Cork city shopping to become sensory-friendly on Sunday mornings

Cork city shopping to become sensory-friendly on Sunday mornings
Cork City traders at the launch of Sensory Shopping in Cork, where the first hour of trading on Sunday mornings will be sensory-friendly, with the lights dimmed, music turned off, till noises suspended and specially trained staff on hand. Included were, Lawerence Owens, Cork Business Association, which is supporting the initiative, Patricia O’Leary with Lori the dog. Also included are back from left, Karen Crowley, Stuart Neilson, Chrissa Bislis, Micah Neilson, Ray O’Callaghan, manager of M&S, which pioneered the ‘quiet hour’ three years ago, John McCarthy, store manager, Penneys, David Casey, Caseys Furniture, and Ronan Kennedy, Diane O’Mahony Jewellery. Picture: Dan Linehan

Some of the biggest retail names in Cork City centre have united to provide a sensory-friendly shopping hour.

The stores have all agreed to turn off their in-store music, dim the lights, switch off the till noises, and suspend shelf stacking to provide a quiet, calm and stress-free shopping environment for their first hour of trade every Sunday morning.

Their staff have also received specific customer service training to help meet the needs of those who decide to shop during the quiet hour.

The Cork Business Association (CBA), which is supporting the initiative, said while mainly aimed at those with autism, Down syndrome, Alzheimers, epilepsy, dementia, and people with acquired brain injury, it can also provide a very pleasant shopping experience for many others.

CBA chief executive, Lawrence Owens, described it is a great step towards making the city more family-friendly and inclusive.

“The response from businesses has been really positive and our objective is to grow and expand the provision of sensory-friendly shopping throughout the city,” he said.

“It will be available for the first hour of trade in participating stores on Sunday mornings, and longer where they can. We will monitor it as it rolls out and expand and improve as we go.”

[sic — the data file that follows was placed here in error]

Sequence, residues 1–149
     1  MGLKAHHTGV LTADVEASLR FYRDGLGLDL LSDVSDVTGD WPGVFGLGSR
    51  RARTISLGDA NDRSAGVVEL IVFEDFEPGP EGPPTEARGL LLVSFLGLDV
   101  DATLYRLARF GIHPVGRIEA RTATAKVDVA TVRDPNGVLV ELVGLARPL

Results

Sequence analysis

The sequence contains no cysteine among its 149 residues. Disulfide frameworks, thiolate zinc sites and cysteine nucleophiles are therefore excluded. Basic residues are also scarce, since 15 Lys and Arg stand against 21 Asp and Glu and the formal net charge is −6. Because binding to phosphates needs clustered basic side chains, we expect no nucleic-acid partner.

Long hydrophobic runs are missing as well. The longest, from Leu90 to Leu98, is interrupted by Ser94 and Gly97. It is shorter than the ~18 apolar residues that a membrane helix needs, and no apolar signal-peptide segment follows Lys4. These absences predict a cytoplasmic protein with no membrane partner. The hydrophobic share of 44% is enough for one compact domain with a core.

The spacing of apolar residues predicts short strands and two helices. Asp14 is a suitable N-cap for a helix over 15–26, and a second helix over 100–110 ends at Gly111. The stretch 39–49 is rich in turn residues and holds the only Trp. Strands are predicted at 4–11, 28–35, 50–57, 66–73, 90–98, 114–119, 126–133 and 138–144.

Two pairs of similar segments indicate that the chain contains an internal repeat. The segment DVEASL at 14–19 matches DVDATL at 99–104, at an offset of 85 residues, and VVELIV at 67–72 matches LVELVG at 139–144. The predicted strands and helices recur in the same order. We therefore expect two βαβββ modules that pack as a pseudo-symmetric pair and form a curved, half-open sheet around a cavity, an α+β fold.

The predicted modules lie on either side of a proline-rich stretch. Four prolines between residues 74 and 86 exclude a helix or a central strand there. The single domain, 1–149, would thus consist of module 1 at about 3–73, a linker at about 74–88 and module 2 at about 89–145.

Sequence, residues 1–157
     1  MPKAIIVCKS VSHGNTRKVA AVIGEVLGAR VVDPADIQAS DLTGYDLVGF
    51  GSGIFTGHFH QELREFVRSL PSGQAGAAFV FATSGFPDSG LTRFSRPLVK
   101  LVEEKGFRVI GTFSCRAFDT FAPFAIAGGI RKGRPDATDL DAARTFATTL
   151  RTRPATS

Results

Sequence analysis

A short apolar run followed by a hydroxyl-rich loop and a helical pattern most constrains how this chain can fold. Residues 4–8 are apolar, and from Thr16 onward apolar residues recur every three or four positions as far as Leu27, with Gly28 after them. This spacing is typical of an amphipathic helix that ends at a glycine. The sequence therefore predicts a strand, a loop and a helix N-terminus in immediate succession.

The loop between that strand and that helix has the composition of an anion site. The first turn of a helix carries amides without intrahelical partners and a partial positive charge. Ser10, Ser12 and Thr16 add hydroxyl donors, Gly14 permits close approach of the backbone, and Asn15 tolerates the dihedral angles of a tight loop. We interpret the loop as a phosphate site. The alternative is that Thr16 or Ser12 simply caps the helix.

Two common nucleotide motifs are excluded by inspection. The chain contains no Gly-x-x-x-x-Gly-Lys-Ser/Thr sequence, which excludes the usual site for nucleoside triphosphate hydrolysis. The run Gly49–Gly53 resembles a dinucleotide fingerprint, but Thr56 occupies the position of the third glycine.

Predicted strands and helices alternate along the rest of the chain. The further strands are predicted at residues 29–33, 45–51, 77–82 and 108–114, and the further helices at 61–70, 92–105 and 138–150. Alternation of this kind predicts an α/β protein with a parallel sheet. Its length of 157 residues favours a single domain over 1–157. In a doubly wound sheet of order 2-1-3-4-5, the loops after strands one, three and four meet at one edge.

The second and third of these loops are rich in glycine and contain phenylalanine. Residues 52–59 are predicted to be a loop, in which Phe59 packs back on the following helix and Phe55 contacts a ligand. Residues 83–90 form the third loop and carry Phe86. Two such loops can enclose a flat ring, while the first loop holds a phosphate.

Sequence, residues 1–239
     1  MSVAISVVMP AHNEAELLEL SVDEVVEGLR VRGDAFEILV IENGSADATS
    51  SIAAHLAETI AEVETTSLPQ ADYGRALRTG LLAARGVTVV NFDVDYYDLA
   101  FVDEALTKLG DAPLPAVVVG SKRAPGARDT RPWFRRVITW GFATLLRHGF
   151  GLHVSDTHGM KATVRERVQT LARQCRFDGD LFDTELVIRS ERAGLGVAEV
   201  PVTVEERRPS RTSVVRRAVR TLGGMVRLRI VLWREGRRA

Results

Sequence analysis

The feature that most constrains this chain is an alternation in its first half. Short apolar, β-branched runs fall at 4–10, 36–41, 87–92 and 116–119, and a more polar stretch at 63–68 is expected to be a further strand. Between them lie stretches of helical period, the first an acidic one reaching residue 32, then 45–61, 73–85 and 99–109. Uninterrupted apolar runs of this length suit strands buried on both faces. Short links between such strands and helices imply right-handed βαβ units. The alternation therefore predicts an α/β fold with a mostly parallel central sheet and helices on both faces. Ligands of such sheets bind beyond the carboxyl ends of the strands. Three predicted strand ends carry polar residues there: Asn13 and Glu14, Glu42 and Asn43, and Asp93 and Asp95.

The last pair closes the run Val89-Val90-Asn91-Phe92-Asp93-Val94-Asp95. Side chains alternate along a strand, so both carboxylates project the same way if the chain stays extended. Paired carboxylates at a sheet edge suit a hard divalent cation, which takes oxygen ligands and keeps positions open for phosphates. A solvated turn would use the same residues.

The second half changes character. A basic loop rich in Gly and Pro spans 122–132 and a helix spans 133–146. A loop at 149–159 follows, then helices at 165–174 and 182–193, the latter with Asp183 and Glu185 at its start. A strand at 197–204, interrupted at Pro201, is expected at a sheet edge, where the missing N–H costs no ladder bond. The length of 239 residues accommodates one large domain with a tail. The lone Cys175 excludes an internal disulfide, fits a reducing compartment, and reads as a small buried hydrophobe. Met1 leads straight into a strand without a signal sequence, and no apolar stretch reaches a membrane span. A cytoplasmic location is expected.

Marks & Spencer, which has pioneered the initiative in its city centre store for about three years, has now been joined by other big retail names including Debenhams, Brown Thomas, Merchants Quay Shopping Centre, Penneys, Vibes & Scribes, Fitzgeralds Menswear, Casey’s Furniture and Diana O’Mahony Jewellers. Participating stores on Opera Lane include H&M, Topshop, Sketchers, and SpecSavers.

M&S general manager, Ray O’Callaghan, said their calm hour has become very important for some of their customers.

Some of them never shop anywhere else but here during this time. This is the right thing to do.

Karen Crowley, from Clonakilty, whose eldest son has autism and who is studying in St John’s Central College, said when he was younger, they tended to avoid visiting shops.

“There are families who don’t go outside the door because the thought of visiting a shop is horrendous, especially around Christmas or big events. I would shop online, or very, very local.

“But when he needed a suit for a wedding earlier this year, we drove up to M&S. They had dimmed the lights and the lady we met there couldn’t have done more for us,” she said.

“She gave us loads of time, brought over several choices of shirt with different textures so he could feel them. It was a really pleasant experience. It eliminated all the stress.”

Natalie McGowan, said when her autistic son, Cian Philpott, 21, was younger, he was largely confined to their home because of his aversion to lights and crowds in the shops, “but the M&S initiative has transformed our lives.

“Cian now looks forward to going in, to going to work on a Sunday morning, as he calls it. They allow him to water the plants, and it’s just great.”

Stuart Neilson, who has Asperger syndrome and was part of the team that created the Diploma in Autism Spectrum Studies in UCC, said autism is mostly an invisible disability.

“Autistic people are affected by the sensory environment in public space, but there is no outward symbol that aspects of the environment prevent social inclusion,” he said.

Disability is the consequence of environments that are designed in ways that make them hard to navigate. It is not a characteristic of the disabled person - so if you designed a shop more inclusively, the disability disappears.

“Loud noises, flashing lights, odour and being jostled in crowds are hard, especially when the noise or other sense is unpredictable.

“We need comprehensive guidelines to make spaces more inclusive, and discreet ways to communicate the potential for disablement to staff.

“We can make public spaces much more accommodating - as shown by the success of initiatives like the autism-friendly town Clonakilty, or the autism-friendly campus in DCU - and find that the interventions to quieten and graduate sensory features are welcome to huge numbers of customers beyond autistic people.”

The CBA has encouraged other businesses to get involved, and will arrange free training for retail staff.

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